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Monday, May 9, 2011 by Neil Ward-Dutton
A few weeks ago I was given a hush-hush pre-briefing on a new product offering from Active Endpoints called Cloud Extend for Salesforce.com. It takes the BPM and SOA technology provider into new territory, but I think it’s a sensible move – and one that prefigures a broader trend I think we’ll be seeing a lot more of within the BPM technology space over the coming year or so. I’m a little late to the party regarding the launch of the product, but hopefully I’ll be able to add a slightly different take on things.
First, let’s look a little at Cloud Extend for Salesforce.com.
Cloud Extend for Salesforce is based heavily on Active Endpoints’ Socrates product, which was announced in early March. Socrates provides a quick, simple model-driven design and development environment for creating ‘screenflows’: networks of linked user forms and guides that assist people (such as customer service reps) carry out multi-step tasks and interactions. Socrates makes use of Active Endpoints’ core design tools and engine, but specialises them for design and deployment of user interaction models.
Cloud Extend for Salesforce then embeds Socrates screenflows and the Socrates design tools within Salesforce application UIs. You can easily link individual actions specified within screenflows to Salesforce API calls, too – making Cloud Extend ‘what it says on the tin’ – a way to fairly seamlessly extend the functionality of Salesforce.com applications, particularly in the context of guided user interactions and workflows.
Of course, Salesforce.com does already offer a visual workflow and user guidance capability called Visual Workflow (based on technology acquired when it bought call centre tools vendor Informavores in 2009) – but right now, one of Cloud Extend’s key differentiators is that the tools, as well as the runtime engine, are integrated right into the Salesforce.com cloud-based user experience. There’s no obvious separation between design time and runtime, so there’s an attractive immediacy to what you put together. At the moment, Visual Workflow relies on an offline Windows-based modelling tool. Another thing that marks Cloud Extend out is that it’s more focused – rather than being pitched as a general-purpose workflow layer for Salesforce.com, it’s very deliberately designed to address a particular set of challenges to do with guiding people as they carry out multi-step interactions and tasks using Salesforce.com.
Now it’s tempting to think of Cloud Extend for Salesforce as a part of the clutch of cloud-based workflow offerings that are now appearing which aim to help customers orchestrate functionality and tasks across multiple SaaS applications (examples include RunMyProcess) but in reality it’s part of a different trend: the closer interweaving of packaged application functionality with model-driven workflow and process management functionality. As the market for BPM technology matures we’re seeing more and more BPM technology vendors look for ways to deliver their technologies as value-added components to application vendors; and we’re also seeing application vendors look for ways to offer (sometimes constrained) BPM capabilities as embedded features within their own offerings. Salesforce.com’s business model and technology delivery platform mean Cloud Extend comes at this from a particular angle, but it’s important to not get too distracted by the ‘cloudiness’ of the offering.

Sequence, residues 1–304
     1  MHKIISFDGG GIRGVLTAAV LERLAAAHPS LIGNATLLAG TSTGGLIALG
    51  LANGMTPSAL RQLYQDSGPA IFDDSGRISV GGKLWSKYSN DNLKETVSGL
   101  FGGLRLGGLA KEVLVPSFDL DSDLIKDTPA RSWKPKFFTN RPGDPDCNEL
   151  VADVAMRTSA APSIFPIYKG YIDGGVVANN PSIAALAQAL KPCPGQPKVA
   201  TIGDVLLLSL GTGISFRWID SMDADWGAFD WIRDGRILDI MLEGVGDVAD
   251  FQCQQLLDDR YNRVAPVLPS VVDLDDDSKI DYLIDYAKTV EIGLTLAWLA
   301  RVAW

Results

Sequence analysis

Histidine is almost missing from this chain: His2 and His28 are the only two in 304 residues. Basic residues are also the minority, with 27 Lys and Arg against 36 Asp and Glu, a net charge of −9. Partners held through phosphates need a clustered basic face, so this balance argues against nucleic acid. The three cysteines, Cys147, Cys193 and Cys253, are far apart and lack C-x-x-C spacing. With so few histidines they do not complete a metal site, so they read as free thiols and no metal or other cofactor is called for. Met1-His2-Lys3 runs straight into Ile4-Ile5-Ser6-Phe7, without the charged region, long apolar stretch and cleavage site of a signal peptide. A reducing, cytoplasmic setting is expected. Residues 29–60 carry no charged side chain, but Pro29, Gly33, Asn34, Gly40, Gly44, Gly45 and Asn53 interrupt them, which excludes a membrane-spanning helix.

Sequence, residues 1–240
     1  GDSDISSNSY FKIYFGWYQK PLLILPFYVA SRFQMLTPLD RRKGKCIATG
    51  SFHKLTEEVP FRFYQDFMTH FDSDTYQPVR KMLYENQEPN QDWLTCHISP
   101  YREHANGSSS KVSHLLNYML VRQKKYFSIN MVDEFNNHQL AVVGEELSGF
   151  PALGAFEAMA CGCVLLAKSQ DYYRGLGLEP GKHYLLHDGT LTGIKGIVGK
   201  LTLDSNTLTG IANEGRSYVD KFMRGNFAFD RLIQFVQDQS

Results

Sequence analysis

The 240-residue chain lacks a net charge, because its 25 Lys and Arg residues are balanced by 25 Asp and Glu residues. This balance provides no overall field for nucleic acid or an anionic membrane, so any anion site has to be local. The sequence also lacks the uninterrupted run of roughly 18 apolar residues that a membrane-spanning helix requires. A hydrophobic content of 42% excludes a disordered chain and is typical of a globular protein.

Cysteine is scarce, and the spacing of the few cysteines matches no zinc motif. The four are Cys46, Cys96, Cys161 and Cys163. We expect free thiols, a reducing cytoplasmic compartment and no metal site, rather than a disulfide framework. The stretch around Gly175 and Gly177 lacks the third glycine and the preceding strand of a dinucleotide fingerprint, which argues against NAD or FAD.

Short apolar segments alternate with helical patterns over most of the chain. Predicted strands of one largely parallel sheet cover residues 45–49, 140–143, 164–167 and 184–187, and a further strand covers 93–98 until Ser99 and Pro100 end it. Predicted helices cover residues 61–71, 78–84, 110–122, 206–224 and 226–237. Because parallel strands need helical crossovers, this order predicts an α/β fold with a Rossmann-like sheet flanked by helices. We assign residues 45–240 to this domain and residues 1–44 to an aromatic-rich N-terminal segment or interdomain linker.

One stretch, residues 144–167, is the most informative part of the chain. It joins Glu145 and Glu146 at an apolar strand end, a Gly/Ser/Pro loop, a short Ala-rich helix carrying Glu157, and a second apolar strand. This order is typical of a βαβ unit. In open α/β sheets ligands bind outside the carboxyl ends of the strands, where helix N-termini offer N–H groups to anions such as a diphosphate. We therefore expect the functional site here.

In the background Cloud Extend for Salesforce is delivered from a multi-tenanted installation of the ActiveVOS technology, hosted by Active Endpoints rather than on the Force.com platform. Although there’s single sign-on between the core Salesforce applications and Cloud Extend which greatly simplifies usage from a customer perspective, things might not be so clear-cut from a data hosting and compliance perspective. Salesforce.com delivers its applications from multiple datacentres around the globe to help its customers deal with data ownership and compliance issues, but as far as I know the Cloud Extend technology is only hosted in the US right now. Cloud Extend for Salesforce is offered on a per-user subscription basis, at 25% of the cost of Salesforce.com enterprise pricing.
It’s still very early days for Cloud Extend for Salesforce.com (Active Endpoints is running an Early Access Program for it right now) but I’ll be watching its development with interest.
What do you think – do you expect we’ll see more of this kind of thing in the packaged application space (whether SaaS-based or ‘traditional’)?